Simon's Law of Software Development (and Evolution)

OK, I know, a bit egocentric to name a law after yourself, but here goes. It applies in all kinds of places, but it's really for the most part a Software Development law.

Architecture is persistent.

The moment you sit down and start writing code, you're laying down the architecture for your software. It doesn't matter what you write, it has infrastructure. All code is infrastructure, with other code that does something to the data. Most of the code you will ever write is spent navigating that infrastructure to gather data and perform operations on it, and then store that data out.

This gives us a number of interesting little results that you see in the real world all the time:

Once you write some code, the architecture you decided on sticks around.

Seriously. The more code you write, the more the architecture you specified becomes embedded in every piece of code you write. You can't help it - it's part of the code's DNA. Every choice you make will pervade everything your code does forevermore.

For example... You write a large piece of code which has a scripting system which is used for everything - header generation, you name it. Script based objects are garbage collected.

Now, later, you decide "Hey, wait a minute... this GC is slowing me down... the script language isn't completely fleshed out so it's hindering me, and it's not suitable for all of the tasks I envisioned at the start".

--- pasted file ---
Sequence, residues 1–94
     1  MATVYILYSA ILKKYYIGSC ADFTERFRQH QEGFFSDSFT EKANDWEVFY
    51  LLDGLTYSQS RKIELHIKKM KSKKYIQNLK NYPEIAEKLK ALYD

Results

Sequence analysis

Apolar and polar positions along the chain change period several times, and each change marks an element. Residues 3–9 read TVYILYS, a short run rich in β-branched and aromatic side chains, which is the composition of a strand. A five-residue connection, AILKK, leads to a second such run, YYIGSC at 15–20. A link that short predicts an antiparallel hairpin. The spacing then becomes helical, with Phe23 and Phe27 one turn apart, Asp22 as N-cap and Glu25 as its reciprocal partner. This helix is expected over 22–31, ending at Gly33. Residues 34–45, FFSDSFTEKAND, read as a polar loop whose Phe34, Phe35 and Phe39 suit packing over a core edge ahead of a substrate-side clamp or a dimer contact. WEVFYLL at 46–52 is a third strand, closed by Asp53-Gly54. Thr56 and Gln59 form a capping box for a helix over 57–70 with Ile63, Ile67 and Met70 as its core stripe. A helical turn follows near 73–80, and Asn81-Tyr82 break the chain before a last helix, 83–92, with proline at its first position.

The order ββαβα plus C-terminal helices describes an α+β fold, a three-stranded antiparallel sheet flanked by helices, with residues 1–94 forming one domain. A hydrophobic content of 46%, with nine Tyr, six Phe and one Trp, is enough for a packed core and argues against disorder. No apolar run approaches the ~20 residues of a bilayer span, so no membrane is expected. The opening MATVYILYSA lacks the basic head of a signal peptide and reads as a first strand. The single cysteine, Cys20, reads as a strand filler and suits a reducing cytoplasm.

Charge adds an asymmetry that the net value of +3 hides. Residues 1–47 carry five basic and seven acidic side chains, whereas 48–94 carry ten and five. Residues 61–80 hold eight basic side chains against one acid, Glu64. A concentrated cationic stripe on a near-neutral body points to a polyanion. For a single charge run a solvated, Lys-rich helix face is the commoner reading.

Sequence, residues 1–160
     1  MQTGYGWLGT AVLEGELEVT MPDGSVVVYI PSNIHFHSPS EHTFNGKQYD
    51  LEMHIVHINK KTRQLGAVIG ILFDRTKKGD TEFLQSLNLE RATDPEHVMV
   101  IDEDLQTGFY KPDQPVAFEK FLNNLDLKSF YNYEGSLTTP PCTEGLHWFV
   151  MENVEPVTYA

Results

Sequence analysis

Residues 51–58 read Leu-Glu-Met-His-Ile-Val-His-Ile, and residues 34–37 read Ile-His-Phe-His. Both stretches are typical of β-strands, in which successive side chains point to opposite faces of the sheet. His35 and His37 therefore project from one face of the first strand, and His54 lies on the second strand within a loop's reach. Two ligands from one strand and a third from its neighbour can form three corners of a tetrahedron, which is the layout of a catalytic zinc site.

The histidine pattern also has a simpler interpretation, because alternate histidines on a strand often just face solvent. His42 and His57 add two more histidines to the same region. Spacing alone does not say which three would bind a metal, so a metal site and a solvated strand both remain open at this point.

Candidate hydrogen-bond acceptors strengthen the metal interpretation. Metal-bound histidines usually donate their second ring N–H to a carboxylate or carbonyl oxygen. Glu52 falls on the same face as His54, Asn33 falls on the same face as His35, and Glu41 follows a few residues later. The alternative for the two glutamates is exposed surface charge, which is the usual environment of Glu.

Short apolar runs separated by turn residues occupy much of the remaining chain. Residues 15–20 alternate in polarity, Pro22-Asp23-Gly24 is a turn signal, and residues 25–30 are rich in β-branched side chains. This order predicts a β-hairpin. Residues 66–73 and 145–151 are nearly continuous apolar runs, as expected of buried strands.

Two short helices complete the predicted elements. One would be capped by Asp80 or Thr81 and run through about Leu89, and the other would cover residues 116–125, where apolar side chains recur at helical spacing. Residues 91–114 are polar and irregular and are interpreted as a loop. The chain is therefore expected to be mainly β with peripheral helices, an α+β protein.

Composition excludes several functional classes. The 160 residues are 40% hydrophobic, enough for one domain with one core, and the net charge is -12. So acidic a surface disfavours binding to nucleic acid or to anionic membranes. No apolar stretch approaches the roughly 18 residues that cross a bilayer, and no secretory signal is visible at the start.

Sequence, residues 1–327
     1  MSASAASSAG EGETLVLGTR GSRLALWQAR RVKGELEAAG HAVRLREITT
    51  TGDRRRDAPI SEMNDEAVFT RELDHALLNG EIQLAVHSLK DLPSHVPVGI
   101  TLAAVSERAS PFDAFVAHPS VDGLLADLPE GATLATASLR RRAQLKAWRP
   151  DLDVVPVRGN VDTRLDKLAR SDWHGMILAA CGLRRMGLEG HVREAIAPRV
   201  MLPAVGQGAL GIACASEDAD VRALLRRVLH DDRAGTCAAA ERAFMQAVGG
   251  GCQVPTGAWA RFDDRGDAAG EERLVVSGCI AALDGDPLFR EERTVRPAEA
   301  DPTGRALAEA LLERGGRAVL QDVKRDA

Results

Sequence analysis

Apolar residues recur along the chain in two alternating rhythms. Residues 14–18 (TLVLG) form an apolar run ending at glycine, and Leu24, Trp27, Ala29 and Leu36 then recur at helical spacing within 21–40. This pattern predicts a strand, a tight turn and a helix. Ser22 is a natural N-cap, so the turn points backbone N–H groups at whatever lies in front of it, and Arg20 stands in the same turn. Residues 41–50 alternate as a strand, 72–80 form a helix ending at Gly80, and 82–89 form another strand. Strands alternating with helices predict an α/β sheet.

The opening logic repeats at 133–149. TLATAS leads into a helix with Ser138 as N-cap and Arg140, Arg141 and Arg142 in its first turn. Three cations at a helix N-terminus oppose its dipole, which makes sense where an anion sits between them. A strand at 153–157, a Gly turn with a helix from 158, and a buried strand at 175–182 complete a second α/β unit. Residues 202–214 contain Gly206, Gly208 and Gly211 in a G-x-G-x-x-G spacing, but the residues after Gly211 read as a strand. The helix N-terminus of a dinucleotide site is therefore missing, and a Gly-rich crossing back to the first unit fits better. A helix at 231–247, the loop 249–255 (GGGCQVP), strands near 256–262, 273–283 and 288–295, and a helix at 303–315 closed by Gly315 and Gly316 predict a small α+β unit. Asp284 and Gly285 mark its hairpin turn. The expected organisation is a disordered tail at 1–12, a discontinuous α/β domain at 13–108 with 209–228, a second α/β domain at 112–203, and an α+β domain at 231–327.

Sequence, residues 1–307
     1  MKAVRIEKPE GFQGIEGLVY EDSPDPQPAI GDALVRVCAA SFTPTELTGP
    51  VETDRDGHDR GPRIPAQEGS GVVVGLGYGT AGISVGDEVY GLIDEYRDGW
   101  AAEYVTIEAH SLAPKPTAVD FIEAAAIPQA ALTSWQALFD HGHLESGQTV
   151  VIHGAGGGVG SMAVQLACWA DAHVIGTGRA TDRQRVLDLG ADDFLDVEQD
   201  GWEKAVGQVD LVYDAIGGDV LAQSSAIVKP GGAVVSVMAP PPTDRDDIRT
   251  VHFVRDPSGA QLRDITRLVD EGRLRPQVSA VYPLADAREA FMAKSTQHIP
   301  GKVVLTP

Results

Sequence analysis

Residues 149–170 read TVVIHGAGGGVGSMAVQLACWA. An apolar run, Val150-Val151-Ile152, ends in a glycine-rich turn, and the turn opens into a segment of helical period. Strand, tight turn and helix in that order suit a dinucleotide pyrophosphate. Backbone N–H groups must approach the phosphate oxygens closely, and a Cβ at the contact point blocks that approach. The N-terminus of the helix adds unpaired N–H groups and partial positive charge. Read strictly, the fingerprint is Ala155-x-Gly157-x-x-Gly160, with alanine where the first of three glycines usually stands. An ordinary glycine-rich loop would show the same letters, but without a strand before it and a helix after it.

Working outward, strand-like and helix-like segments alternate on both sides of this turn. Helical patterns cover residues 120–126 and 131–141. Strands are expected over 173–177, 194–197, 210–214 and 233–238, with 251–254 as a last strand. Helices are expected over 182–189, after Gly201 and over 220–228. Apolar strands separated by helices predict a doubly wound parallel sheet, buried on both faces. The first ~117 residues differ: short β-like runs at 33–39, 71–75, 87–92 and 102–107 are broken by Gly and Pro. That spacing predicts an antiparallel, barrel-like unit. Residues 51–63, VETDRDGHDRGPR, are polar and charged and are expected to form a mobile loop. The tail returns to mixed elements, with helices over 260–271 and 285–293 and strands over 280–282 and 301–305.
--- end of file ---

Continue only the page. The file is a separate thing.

Tough cookies. At this point, a year later, you now have so much code written based on this architecture, that even if you find ways around it, your code will still taste of the existing architecture. You can refactor all you want, but until you deliberately start a second branch of code that is an isolated and sterile environment, that only talks to the original code through very hard specified APIs - kind of a software firewall - you'll have that architecture still. Even if you rip out every single line of code that uses the original architecture, unless you effectively develop the new code in a vacuum, your code will still have that architecture embedded deep inside it.

People who have worked on large projects involving 3rd party code which doesn't work as advertized should recognise this one.

If you don't specify an architecture, you get one anyway.

It might not be the architecture you want, but it's certainly an architecture. The problem is that the code will generate structure as it goes, and that structure is architecture. It'll persist just as much as the original architecture, and all you can hope for is that this hackery wasn't part of your main code path. (Which means you might, just might, be able to snip it out).